I found more reward in my sessions with a neurologist named – bless his heart--Dr. Flitter. One afternoon--I was speaking more easily by this time-- he asked if I could explain the significance of Hamlet’s soliloquy. Since I had written my thesis on the play, I was glad to oblige, and we had a nice conversation.

Around this time, I began to hear many of the personnel refer to me as “high functioning.” That’s great, I longed to shout--I have two Masters Degrees and I’m still not deaf. I decided, however, this would be impolitic and kept my mouth shut. In time, I soon deduced--high functioning, remember?--that much of their chatter was coded conversation for “Isn’t there some other hospital that can take a crack at this vile, over-educated bitch?”

And so, at my prodding, they made contact with Fort Worth’s Dr. Robert Nieto, a friend and neurologist--and playwright, as it happens. Shortly thereafter, I found myself being packaged and air-lifted back to Texas, closer to my family and a doctor who knew me, who understood my temperament and who just might, in time, give me a few answers in return for the millions of questions I’d been asked. But first, of course, I had to tell my story to a whole new cadre of nurses, therapists, secretaries, etc. Had I actually died and gone to Hell? I considered this scenario quite seriously for a few days; the warm beet puree gave credence to the idea, but I finally decided that it was ruled out by the absence of animatronic children singing “It’s a Small World After All.”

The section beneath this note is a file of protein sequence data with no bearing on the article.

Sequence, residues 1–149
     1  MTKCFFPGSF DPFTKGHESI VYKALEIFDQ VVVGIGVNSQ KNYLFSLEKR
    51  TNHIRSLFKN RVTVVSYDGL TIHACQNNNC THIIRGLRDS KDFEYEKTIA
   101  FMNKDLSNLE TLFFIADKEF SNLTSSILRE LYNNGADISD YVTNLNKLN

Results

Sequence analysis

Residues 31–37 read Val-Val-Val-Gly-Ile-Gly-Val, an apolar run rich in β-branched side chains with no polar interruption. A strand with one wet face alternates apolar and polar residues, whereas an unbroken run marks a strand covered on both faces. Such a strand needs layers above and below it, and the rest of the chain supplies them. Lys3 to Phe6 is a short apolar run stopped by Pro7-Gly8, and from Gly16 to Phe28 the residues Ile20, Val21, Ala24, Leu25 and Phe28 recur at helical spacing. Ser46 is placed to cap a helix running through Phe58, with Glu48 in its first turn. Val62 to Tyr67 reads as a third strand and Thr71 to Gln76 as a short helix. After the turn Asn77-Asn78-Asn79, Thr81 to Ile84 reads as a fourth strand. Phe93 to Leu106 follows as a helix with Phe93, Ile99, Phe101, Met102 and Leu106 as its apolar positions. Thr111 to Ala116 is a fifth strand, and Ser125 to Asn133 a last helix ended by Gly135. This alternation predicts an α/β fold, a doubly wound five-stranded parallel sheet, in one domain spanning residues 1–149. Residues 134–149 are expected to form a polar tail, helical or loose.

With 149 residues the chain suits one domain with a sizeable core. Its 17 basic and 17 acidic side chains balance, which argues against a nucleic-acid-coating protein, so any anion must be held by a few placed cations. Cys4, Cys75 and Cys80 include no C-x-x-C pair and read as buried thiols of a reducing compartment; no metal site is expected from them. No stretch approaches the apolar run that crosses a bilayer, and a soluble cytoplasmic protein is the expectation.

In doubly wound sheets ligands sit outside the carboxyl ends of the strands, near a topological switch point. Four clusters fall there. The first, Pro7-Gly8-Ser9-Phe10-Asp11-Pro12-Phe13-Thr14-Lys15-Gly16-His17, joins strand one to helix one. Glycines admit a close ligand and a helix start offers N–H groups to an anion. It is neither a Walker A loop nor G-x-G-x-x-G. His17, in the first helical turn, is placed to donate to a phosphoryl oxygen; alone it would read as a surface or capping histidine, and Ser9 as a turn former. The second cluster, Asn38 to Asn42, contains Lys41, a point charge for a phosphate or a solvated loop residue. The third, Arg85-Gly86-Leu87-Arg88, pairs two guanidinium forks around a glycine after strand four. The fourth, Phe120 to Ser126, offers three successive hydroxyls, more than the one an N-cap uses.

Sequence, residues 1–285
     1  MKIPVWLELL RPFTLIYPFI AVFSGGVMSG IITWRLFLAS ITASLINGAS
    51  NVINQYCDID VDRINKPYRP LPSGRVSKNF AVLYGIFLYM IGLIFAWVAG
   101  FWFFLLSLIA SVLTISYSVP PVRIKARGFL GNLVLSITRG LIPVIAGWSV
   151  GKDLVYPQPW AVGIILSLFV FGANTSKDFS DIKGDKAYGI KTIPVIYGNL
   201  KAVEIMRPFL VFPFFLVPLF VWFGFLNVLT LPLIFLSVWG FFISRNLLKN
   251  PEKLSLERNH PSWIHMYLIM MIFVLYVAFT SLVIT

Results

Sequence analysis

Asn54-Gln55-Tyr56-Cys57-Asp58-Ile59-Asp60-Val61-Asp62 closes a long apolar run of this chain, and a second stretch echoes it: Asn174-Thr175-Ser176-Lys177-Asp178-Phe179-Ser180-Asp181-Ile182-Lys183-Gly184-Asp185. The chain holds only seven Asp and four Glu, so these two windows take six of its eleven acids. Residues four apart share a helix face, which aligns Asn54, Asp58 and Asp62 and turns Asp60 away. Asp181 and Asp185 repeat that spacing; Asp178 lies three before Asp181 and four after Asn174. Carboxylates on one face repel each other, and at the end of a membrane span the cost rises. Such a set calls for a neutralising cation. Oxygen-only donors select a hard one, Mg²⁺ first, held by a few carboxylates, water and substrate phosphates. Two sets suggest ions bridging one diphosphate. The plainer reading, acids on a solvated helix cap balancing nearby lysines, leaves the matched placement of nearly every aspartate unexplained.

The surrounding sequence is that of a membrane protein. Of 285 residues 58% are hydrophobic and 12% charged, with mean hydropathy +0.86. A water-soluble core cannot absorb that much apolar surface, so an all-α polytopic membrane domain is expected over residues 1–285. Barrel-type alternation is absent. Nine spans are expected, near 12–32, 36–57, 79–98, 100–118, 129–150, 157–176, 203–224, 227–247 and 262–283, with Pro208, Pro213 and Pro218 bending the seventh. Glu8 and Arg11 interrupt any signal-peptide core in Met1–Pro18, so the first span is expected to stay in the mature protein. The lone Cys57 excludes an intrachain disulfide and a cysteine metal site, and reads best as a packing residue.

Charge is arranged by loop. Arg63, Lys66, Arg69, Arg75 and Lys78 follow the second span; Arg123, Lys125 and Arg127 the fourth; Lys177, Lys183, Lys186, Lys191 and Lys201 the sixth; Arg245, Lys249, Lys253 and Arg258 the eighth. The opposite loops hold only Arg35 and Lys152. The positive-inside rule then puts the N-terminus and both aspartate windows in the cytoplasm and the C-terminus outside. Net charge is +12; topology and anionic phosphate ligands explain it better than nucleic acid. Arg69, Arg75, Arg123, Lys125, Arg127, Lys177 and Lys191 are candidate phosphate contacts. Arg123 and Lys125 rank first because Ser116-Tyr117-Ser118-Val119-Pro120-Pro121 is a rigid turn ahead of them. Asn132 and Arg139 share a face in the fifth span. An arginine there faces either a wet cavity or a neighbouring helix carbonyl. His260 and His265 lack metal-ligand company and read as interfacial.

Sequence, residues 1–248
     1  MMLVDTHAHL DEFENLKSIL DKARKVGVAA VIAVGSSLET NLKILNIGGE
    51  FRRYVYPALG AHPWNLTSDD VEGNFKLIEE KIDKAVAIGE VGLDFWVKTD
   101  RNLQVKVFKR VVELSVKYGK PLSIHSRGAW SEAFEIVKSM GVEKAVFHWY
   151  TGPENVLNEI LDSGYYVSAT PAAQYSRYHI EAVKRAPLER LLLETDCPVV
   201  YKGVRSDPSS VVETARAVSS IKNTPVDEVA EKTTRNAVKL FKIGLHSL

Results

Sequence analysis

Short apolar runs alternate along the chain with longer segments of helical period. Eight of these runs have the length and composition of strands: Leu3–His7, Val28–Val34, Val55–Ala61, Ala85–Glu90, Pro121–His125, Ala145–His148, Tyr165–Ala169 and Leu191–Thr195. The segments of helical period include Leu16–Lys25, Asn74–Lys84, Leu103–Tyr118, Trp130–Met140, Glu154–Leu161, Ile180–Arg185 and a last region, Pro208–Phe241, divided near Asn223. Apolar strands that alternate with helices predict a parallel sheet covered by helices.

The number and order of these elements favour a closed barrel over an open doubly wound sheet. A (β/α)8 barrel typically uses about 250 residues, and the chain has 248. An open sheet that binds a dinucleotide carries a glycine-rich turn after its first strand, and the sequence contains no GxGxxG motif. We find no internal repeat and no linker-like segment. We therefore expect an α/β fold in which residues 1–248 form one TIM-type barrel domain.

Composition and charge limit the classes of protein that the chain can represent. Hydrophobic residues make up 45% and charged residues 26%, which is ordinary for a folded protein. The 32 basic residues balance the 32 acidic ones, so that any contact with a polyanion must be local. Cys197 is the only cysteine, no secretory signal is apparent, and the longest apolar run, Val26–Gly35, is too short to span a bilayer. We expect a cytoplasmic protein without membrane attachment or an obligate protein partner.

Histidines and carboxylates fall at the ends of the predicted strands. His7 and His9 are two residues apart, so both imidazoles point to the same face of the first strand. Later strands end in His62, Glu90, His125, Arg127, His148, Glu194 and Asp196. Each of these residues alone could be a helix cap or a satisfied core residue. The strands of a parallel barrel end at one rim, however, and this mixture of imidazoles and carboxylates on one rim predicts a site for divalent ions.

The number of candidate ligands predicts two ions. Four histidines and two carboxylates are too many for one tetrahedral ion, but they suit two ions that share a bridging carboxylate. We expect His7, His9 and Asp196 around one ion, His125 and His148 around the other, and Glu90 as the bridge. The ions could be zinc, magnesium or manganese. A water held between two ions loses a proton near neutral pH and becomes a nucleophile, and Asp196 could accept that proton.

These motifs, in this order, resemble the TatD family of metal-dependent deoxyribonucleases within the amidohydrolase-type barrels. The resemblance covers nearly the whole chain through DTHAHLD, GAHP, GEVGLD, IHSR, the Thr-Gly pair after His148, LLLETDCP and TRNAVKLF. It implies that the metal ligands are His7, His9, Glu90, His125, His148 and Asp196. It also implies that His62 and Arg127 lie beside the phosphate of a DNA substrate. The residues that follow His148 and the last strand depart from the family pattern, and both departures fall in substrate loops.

Post Brain Trauma Therapy only sounds like a self-important rock band. It’s actually an avenue of treatment designed to make a given patient functional, and even attempt to bring the individual’s abilities back to pre-trauma levels. Since I was regarded as “high functioning,” I was told that after I had mastered walking and talking and showering by myself, the focus would be on assessment. Lots of assessment. In other words, they wanted to determine exactly what sort of disabled, over-educated vegetable I was going to be.

Assessment means testing, and I was no stranger to taking tests. I had loved it in my pre-trauma existence, but now, the stakes seemed much higher, and I soon had an unshakable sense of myself as a failure. My self-esteem was further undermined by lots of people telling me what to do around the clock-- you know I love that--and the strange assortment of persistent fears and worries that filled my thoughts. I worried that I was going to miss a day somehow-- “what, it’s Thursday? What happened to Wednesday, where’d it go?” – or get hysterical if I realized I didn’t know what time it was. I hated being alone, ever. A misplaced pencil could bring me to tears. And let me emphasize, no one’s ego has ever started to soar as long they required an escort to go to the bathroom.

Now, here’s something you need to understand; as good and vital as they are, as much we need them, and owe them--hospitals are not the best places for people to heal. This is true for many reasons, not the least of which is that as you get better--or think you are getting better--you want out of the hospital.

Maybe you’re not ready to go rock climbing, or to swim the English Channel, or to resume your career in Theoretical Physics, but if you can feed yourself and construct simple sentences, you’re ready to leave. And odds are, the good folks at Our Sisters of Flagging Mercy are ready for your departure, too. I know a nurse who’s resisted many offers of advancement and promotion and increased income, all if she’d leave her work in the surgical recovery ward. This, of course, is the land of gauzy silence, where patients spend their most immediate hours after leaving the operating table, comfortably mute in the pillowy bosom of noble pharmaceuticals. When asked why she turns down chances for money and position, my friend says simply, “I like my patients,” What’s so special about patients in Surgical Recovery, you ask? (whispers) “They’re quiet.”